The annual boat races off the coast of this tiny Caribbean island are more than a competition—they’re at the heart of its people’s identity and culture
Author James Sturz Photography Thomas Prior
This past August, Hemispheres traveled to the island of Anguilla to witness one of the most thrilling events in all of the Caribbean: the Anguilla Boat Races.
The annual competition—which takes place during the island’s week-long festivities commemorating August 1, 1834, the day that slavery was abolished in the British Empire and all of its overseas colonies—caps off the conclusion of the Anguilla regatta season, with the winning crew getting a five-figure cash prize and, more important, bragging rights. After all, this is more than a competition: It’s a tradition that dates back to 1940, with many of the participants descended from past crewmembers and also descended from the first generations of free Anguillans who, motivated by drought and famine, copied visiting New England schooners so they could sail the Caribbean in search of work on neighboring islands.
As the boat races’ origin story goes, in 1884, due to a slump in sugar prices, farmers in the Dominican Republic put a freeze on wages, which led to a shortage of available local labor. Anguillans, eager to fill the labor shortage, sailed the 450 miles west to the D.R. in convoys of crudely made schooners. The trip there was quick—a couple of days or so—but the return could take up to two weeks because of prevailing winds. Conditions were harsh—one meal a day and nowhere to sleep but on exposed decks or ballast rocks—making the rush to get home all the more intense. So, as the ships neared Anguilla, they began to race.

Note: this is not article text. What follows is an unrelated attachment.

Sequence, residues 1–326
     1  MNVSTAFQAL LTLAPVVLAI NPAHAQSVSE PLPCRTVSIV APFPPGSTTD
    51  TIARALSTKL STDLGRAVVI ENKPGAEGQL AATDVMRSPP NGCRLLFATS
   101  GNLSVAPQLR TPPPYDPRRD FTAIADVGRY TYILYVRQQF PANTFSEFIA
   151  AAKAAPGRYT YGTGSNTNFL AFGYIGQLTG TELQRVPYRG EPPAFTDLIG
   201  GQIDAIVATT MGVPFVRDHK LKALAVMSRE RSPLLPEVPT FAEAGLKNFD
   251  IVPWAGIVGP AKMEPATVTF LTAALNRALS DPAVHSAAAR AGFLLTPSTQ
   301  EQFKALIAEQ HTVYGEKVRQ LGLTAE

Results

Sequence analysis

BUILT ANGUILLA TOUGH
A far cry from the $10 million price tags on the high-tech yachts that compete in the America’s Cup, the vessels in Anguilla’s boat races can cost as little as $5,000, according to one sailor nicknamed Heavy Kasha. Boat-builder David Hodge says he built Sonic, this year’s winning craft, for a cool $28,000. Anguilla crews also come relatively cheap, with teams often comprised of friends and family. For ballast, sandbags, lead and a dozen young cousins and nephews will do. The result is a simple sloop that can reach 10 knots sailing against the wind. Downwind, it’s closer to 20.
Ericson “Eddy” Hughes (left), captain of Sonic, after sewing up Boat of the Year: “My dad was a captain, and so was my mother’s dad. As a kid, you see all the guys you know getting on boats, so of course you want to do it. Sure, there are prizes, but it’s not about the money. It’s about bragging rights.” Hughes pauses to take a look at Ross Romney, the captain of De Tree, Sonic’s main competition this season. He wants to make sure Romney’s listening before he adds, “Those bragging rights last until next Easter!” To add insult to injury, Sonic would go on to win the last race of the season, the Champion of Champions.
THE NATIONAL PASTIME
Forget baseball, soccer, even cricket. On Anguilla, boat racing is the No. 1 sport. On race days, the seaside cliffs along race routes are packed with spectators, cheering on their favorite vessels and their hometown crews. Some fans will even hustle around the 35-square-mile island by car to keep up with the frontrunners, while those fortunate enough to have motorboats endeavor to get an up-close look. Motorized chase boats serve two purposes: to rescue crews should their boats sink and to broadcast the action over the radio. Tony Davis, an Anguillan who resides in New York City but returns to the island every August for the races, says, “I live for this, because this is who I am.”
THE JUMP OFF
The culmination of Anguilla’s regatta season dovetails with the island’s week-long summer festival, which comprises a number of parades and outdoor parties commemorating August 1, 1834, the day that slavery was abolished. There’s J’ouvert, the Emancipation Day Caribbean Beach Party, the Calypso Monarch Competition and the Grand Parade of Troupes. Think Carnival, Mardi Gras, Lollapalooza, the Fourth of July and Juneteenth celebrations all rolled up into one epic blowout.